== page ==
I di Tiblisi to Baku in 2 days no problems. Look out for the soldiers 'sense of humour' at the Georgian border. They sent me through a door with the bike, when I rode in it was a room full of people having their bags checked, not vehicle suitable at all. I turned round and the soldier who directed me was pissing himself laughing. The 'helpers' at the border are ace but will ask for payment at the end. The border from Turkey into Georgia has a massive line of lorries waiting most of the time, just ride straight past them all.
Been following this thread for a few days as we'll be heading that way in the next fortnight. Currently laid up in Istanbul after a cab decided to do a u-turn and knocked my wife off her bike. She's ok but it's 2 weeks later and only now are we thinking she might be able to walk in the next few days!!
To RTW Doug, from what we've gathered during our time here the border between Azer and Armenia is closed so you'll need to go via georgia - they really don't like each other. Some guys we met here who left a couple of weeks ago said they were pressed for bribes alot in Azer mostly by border/custom officials - at the port in Baku and when entering Azer they wanted them to pay 'tax' for the spare tyres they were carrying.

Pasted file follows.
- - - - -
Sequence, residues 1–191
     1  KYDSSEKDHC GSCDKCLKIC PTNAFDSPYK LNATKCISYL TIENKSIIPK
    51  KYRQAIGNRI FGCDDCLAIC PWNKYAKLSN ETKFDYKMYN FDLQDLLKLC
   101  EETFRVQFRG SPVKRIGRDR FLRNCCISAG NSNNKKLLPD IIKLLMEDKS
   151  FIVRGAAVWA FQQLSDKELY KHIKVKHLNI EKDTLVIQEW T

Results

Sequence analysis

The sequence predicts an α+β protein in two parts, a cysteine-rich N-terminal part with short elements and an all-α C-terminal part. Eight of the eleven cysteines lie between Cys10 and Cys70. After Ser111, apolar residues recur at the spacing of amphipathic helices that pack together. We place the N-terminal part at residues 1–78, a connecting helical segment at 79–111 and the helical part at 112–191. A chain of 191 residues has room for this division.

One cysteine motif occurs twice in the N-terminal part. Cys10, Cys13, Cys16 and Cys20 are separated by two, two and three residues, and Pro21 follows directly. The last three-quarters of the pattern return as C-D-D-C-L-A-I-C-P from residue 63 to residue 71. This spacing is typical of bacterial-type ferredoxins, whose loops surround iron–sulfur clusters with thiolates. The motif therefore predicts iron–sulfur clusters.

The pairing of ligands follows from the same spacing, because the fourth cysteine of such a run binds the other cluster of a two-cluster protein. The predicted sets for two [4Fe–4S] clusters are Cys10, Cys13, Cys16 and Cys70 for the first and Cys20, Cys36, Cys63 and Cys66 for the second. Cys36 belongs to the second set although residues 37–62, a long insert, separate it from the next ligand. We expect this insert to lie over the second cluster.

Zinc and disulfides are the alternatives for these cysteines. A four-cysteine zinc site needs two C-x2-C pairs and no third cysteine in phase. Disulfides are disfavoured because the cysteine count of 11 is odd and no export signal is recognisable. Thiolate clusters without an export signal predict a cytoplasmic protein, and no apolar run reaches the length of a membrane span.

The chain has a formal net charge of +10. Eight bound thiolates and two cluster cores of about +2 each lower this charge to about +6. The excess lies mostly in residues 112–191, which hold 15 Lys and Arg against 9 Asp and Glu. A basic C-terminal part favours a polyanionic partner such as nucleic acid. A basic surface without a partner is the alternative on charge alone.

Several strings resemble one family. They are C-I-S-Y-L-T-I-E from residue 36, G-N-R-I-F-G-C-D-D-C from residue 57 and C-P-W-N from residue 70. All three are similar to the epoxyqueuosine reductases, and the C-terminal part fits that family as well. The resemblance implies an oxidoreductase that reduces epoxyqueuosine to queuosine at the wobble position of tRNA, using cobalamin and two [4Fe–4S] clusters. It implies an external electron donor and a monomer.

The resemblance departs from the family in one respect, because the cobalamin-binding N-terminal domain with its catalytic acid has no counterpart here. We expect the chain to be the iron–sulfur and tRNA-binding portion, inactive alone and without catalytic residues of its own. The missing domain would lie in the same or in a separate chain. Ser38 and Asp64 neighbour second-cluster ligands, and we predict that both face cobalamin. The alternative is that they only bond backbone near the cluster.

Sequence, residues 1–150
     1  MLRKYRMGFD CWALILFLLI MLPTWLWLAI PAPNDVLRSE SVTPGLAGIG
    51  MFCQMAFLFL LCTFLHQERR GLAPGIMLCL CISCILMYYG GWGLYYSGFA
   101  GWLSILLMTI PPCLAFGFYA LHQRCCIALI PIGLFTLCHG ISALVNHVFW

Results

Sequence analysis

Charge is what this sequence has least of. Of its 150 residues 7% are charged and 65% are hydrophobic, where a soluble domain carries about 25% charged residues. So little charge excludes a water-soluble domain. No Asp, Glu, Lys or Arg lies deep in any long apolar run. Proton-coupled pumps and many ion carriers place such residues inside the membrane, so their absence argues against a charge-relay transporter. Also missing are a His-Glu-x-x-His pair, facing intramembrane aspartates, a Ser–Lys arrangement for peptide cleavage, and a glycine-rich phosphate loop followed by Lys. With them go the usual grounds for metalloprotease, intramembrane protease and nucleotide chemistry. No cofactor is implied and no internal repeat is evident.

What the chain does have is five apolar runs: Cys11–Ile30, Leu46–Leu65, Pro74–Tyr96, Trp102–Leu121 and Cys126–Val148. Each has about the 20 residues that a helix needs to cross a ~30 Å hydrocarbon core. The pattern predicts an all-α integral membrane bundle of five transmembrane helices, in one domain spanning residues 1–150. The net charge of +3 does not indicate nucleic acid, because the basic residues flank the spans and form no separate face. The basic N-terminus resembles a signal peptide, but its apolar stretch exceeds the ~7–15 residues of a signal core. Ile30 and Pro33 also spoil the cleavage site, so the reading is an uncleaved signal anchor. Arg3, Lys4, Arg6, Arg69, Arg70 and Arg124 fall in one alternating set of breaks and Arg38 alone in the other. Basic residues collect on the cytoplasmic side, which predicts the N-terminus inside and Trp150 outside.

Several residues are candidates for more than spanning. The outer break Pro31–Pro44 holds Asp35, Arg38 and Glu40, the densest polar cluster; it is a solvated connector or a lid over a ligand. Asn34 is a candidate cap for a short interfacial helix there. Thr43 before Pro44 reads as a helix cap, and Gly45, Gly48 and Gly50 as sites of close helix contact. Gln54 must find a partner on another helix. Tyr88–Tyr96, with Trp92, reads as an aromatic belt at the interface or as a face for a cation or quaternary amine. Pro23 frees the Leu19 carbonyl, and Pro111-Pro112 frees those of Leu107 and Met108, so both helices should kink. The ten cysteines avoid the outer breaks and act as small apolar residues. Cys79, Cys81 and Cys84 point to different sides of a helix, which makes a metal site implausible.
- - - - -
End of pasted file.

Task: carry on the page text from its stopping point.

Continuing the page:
But generally, as described above they said they met lovely people - just a shame they only had 72 hours in the country! They're now in Turkmenistan and have reported the usual - being asked for bribes by the ferry ticket office for the priviledge of buying a ticket, horrendous crossing of the Caspian and almost laughable taxes and fees on the Turkmen side!
I guess I'll visit georgia twice! Not too bad tho, as I hear good things about it.
Best wishes to your wife, I hope she is ok soon!
In the off chance your still in Istanbul in a few weeks, & I can bring you anything from BG, let me know. Since its EU now, I can get stuff here from england or wherever pretty fast
(Medicine, medical supplies, etc) as I dont know how good the stuff is, there in Turkey.
In fact, Grant is coming here for out HU meet next week, so he may be able to help out with stuff from London
horrendous crossing of the Caspian and almost laughable taxes and fees on the Turkmen side!
Fun and games!....
There are a fair few taxes on the Turkmen side but one of the ones is about 75 dollars to cover the petrol you will buy in the country. TK is the only place that does this, but when you weigh it against 7 cents a litre fuel it's a good deal.
Never had any problems with people asking for bribes in AZ, the closest I got was being force fed vodka at a Petrol station because it was a cops birthday! And one big fat guy propositioned me with the phrase 'hey you, how much, jiggy-jiggy', so look out for that!
we're currently in tbilisi. tomorrow we'll leave towards baku, crossing the krasni most border post. we'll keep you upgraded on what about. what is the 72 hours rule 4 motorbike? nobody at the azeri embassy in rome did mention it.
p.s. to knight of the holy graal: nicola, i'm on my way with my dyna. i did the tbilisi-baku route on 2002 in one day (corrupted policemen stops included) so,
no worry, ride awake and safe!